TGIF: When History Didn’t Begin

by | Nov 10, 2023

TGIF: When History Didn’t Begin

by | Nov 10, 2023


I agree with UN Secretary-General Antonio Guterres. I’ve never written those words before. But on Oct 24, Guterres said to the UN Security Council (emphasis added):

The situation in the Middle East is growing more dire by the hour.

The war in Gaza is raging and risks spiralling throughout the region.

Divisions are splintering societies. Tensions threaten to boil over.

At a crucial moment like this, it is vital to be clear on principles — starting with the fundamental principle of respecting and protecting civilians.

I have condemned unequivocally the horrifying and unprecedented 7 October acts of terror by Hamas in Israel.

Nothing can justify the deliberate killing, injuring and kidnapping of civilians – or the launching of rockets against civilian targets.

All hostages must be treated humanely and released immediately and without conditions. I respectfully note the presence among us of members of their families…..

It is important to also recognize the attacks by Hamas did not happen in a vacuum.

The Palestinian people have been subjected to 56 years of suffocating occupation.

They have seen their land steadily devoured by settlements and plagued by violence; their economy stifled; their people displaced and their homes demolished. Their hopes for a political solution to their plight have been vanishing.

But the grievances of the Palestinian people cannot justify the appalling attacks by Hamas. And those appalling attacks cannot justify the collective punishment of the Palestinian people….

What was the reaction? Israel’s government demanded that Guterres resign for justifying (sic) Hamas’s crimes. According to statements from Israeli UN ambassador Gilad Erdan and foreign minister Eli Cohen, Guterres therefore is unfit for his job.

According to the officials, Guterres’s offending words were these: “the attacks by Hamas did not happen in a vacuum.” Those words preceded Guterres’s reference to what the Palestinians in the Gaza Strip and the West Bank endured under Israeli occupation since 1967.

Beyond doubt, Guterres condemned Hamas’s mass atrocities of Oct. 7. He clearly said that killing civilians cannot be justified. And he unequivocally called for the immediate and unconditional release of the hostages. Look at his remarks. But he has been vilified by Israeli politicians for saying in effect that history did not begin on October 7, 2023. Of course, the statement is true, but some things just may not be said.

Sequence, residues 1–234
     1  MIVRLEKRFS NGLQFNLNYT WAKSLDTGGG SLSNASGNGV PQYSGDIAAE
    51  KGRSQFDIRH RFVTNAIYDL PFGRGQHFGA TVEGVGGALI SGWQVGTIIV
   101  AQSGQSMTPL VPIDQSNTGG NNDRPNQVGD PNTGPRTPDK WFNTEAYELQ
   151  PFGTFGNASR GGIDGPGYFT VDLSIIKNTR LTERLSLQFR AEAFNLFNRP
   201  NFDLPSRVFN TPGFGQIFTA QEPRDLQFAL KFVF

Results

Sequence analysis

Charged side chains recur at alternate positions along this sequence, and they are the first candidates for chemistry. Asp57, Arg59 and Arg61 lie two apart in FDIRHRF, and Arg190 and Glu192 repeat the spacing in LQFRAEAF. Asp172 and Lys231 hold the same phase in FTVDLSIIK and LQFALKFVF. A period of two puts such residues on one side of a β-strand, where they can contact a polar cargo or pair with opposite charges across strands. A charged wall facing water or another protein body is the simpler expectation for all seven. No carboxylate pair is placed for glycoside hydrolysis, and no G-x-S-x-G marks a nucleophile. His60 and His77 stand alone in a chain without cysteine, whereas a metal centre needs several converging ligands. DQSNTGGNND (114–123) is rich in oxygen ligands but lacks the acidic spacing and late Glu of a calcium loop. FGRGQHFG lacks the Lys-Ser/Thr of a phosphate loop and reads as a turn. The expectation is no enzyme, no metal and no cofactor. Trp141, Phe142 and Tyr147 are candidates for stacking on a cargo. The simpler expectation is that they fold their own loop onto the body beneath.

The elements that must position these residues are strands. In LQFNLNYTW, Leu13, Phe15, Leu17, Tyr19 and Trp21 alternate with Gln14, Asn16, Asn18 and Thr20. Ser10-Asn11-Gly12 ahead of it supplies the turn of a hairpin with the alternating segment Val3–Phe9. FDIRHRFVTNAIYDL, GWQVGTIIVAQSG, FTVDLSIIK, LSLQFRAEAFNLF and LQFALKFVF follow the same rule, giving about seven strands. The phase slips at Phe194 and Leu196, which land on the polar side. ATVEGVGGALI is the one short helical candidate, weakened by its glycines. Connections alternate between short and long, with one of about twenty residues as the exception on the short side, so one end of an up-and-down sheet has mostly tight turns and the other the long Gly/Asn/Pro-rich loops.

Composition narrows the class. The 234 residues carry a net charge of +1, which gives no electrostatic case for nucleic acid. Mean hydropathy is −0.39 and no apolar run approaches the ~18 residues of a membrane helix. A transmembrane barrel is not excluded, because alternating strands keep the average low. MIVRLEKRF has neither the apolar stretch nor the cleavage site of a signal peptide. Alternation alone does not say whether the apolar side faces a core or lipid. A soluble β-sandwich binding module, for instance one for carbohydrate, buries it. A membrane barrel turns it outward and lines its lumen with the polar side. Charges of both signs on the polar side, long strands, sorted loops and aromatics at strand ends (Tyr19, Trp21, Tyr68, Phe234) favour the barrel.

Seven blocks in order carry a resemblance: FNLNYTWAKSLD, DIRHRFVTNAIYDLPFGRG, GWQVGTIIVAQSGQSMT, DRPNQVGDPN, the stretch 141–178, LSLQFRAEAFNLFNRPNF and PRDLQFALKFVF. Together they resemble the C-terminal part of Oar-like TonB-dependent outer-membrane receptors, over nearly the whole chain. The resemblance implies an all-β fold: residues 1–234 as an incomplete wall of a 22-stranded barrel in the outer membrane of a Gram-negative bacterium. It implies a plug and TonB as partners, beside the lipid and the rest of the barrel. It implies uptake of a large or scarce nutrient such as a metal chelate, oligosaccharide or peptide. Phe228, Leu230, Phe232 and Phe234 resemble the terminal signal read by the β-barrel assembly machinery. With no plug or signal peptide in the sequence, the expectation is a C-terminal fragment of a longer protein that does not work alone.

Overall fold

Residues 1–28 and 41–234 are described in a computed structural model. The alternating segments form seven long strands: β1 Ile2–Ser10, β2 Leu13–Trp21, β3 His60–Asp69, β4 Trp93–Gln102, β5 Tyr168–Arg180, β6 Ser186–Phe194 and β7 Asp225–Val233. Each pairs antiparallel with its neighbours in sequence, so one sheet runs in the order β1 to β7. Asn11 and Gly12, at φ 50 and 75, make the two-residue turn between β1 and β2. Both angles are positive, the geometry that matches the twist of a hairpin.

Strangely, the Israeli government says Guterres did not condemn the horrendous Hamas violence against Israeli civilians. Israel’s position apparently is that even to remind people that history did not begin on October 7 is to justify murder, kidnapping, and mayhem. It’s as if trying to comprehend is to justify. But those are two different mental operations.

The Israeli officials also presumably objected to Guterres’s condemnation of the collective punishment that Israel was inflicting, again, on the rightless Palestinians in the crowded Gaza Strip, most of whom are not members of Hamas and most of whom could not have voted for Hamas almost 20 years ago because they were too young or had not even been born yet. Almost half the 2.3 million Palestinians of tiny Gaza are under 18.

So Israel is gaslighting. If we can’t believe the Israeli government on something we can so easily check, how can we believe it on anything else? Just the other day U.S. Secretary of State Antony Blinken said something similar to what Guterres said, but so far without consequence: “Ultimately, the only way to ensure that this crisis never happens again is to begin setting the conditions for durable peace and security, and to frame our diplomatic efforts now with that in mind.” In his requests is that Israel not reoccupy Gaza and that it end the 17-year blockade. That sounds like another way of acknowledging that the October 7 attacks “did not happen in a vacuum.”

Why is Israel going after Guterres for his unexceptional statement? It wasn’t just the timing. Yair Lapid, a former prime minister of Israel and a former journalist, gave the answer when he said, “If the international media is objective, it serves Hamas. If it just shows both sides, it serves Hamas… My argument is that the media cannot just claim to bring both sides of the story. If you do that, you are only bringing one – Hamas’s side….”


About Sheldon Richman

Sheldon Richman is the executive editor of The Libertarian Institute and a contributing editor at He is the former senior editor at the Cato Institute and Institute for Humane Studies; former editor of The Freeman, published by the Foundation for Economic Education; and former vice president at the Future of Freedom Foundation. His latest books are Coming to Palestine and What Social Animals Owe to Each Other.

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